The Office of the Australian Information Commissioner has found Telstra breached the privacy of more than 15,000 customers.
In a report published today, Privacy Commisioner, Tim Pilgrim, found Telstra breached the privacy of 15,775 customers between February 2012 and May 2013.
The information of those customers from 2009 was accessible on the internet and this included the information of 1,257 active silent line customers.
The OAIC’s investigation focused on whether Telstra took reasonable steps to protect customer information from misuse, loss, unauthorised access, modification or disclosure.
Pilgrim found Telstra had breached three aspects of the national privacy principles which included failure to take reasonable steps to ensure the security of the personal information it held; failure to take reasonable steps to destroy or permanently de-identify the personal information it held and disclosure of personal information other than for a permitted purpose.
In a report also published today, the Australian Communications and Media Authority found Telstra contravened clause 4.6.3 of the Telecommunications Consumer Protections Code (TCP Code) which requires telecommunications providers to ensure that the personal information of customers is protected from unauthorised use or disclosure and to have robust procedures in place to that end.
Pilgrim said the incident was a timely reminder to all organisations that they should prioritise privacy.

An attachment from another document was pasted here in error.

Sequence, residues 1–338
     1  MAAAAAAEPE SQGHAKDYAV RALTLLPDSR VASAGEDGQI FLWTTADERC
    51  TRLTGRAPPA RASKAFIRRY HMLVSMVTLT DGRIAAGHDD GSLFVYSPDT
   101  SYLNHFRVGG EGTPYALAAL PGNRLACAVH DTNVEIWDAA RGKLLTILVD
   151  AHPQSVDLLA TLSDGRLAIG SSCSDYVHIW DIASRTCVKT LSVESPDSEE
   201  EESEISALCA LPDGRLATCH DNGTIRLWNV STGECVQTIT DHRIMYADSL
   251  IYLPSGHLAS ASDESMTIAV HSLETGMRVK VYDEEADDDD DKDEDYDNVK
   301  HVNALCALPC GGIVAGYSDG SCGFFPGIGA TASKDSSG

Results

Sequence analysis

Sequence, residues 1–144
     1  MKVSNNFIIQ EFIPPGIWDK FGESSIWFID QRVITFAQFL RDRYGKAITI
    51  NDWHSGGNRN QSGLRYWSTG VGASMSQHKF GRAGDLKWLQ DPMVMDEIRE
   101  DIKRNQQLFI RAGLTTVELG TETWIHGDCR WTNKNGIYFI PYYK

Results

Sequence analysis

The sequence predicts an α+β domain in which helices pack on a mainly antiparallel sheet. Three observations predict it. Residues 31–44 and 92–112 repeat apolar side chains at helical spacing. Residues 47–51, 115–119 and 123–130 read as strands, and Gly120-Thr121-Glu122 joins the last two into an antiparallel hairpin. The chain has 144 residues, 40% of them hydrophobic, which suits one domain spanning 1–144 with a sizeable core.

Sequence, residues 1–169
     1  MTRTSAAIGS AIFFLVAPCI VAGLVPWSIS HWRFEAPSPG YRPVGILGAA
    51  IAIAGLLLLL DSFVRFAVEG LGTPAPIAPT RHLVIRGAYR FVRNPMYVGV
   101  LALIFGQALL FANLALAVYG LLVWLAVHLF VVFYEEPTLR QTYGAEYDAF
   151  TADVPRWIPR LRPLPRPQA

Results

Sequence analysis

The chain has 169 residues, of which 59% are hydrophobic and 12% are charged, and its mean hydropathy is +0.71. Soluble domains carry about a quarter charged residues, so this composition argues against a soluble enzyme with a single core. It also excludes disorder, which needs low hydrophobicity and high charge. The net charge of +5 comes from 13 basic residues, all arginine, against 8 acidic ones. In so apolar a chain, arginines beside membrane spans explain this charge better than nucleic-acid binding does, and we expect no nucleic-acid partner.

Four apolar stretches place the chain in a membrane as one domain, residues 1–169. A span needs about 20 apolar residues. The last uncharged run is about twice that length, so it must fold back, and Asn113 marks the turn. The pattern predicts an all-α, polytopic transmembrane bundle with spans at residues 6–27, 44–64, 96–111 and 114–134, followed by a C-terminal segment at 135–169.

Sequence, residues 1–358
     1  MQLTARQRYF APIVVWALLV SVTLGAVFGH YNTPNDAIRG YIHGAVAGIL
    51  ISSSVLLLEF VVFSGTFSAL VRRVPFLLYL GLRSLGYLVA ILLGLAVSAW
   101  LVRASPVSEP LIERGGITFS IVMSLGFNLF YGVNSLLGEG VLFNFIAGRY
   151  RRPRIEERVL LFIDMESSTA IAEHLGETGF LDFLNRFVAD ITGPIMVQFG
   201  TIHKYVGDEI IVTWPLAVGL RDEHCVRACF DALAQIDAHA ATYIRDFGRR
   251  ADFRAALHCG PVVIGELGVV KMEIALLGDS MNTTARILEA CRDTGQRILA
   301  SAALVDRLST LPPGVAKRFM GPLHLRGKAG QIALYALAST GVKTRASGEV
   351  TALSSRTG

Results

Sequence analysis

“All entities bound by the Privacy Act must have in place security measures to protect personal information,” he said.
Following the breach, Telstra agreed to undertake a number of actions, including exiting the software platform on which the incident occurred, establishing a clear policy for central software management, and reviewing contracts with third parties relating to personal information-handling.
Pilgrim recommended Telstra engage an independent third party auditor to certify it had implemented planned rectifications, and that the certification be provided to the Commissioner by June 30, and review its Document Retention Policy to ensure it meets the requirements of the Australian Privacy Principles, which apply from tomorrow.
Telstra has also paid an infringement notice for $10,200 in relation to Telstra’s contravention of the ACMA’s earlier Direction to Comply (which is the amount provided for in the relevant telecommunications legislation).
Pilgrim will have the power to issues fines of up $1.7 million following the introduction of changes to privacy laws tomorrow.
ACMA chairman, Chris Chapman, welcomed Pilgrim’s recommendations.
“Telco providers are in a position of trust with respect to their customers’ details and with it comes a weighty responsibility — a fact reflected in the outcomes mandated by the TCP Code,” he said.
Pilgrim said it provided a lesson for all organisations.
“There is no ‘set and forget’ solution to information security and privacy in the digital environment,” he said.
“Organisations need to regularly review and improve security systems to avoid data breaches.”
The incident was brought to light after Telstra contacted the ACMA to advise that it had learnt, via a journalist, that the names, phone numbers and addresses of around 15,775 Telstra customers had been available on the Internet.
The same journalist alerted the OAIC to the matter. Telstra also advised that there were at least 166 unique downloads of these records.
According to a OAIC statement, when Telstra discovered the problem it took steps to disable all public access links to the source and to have Google caches cleared to ensure that the data could not be accessed via a Google search.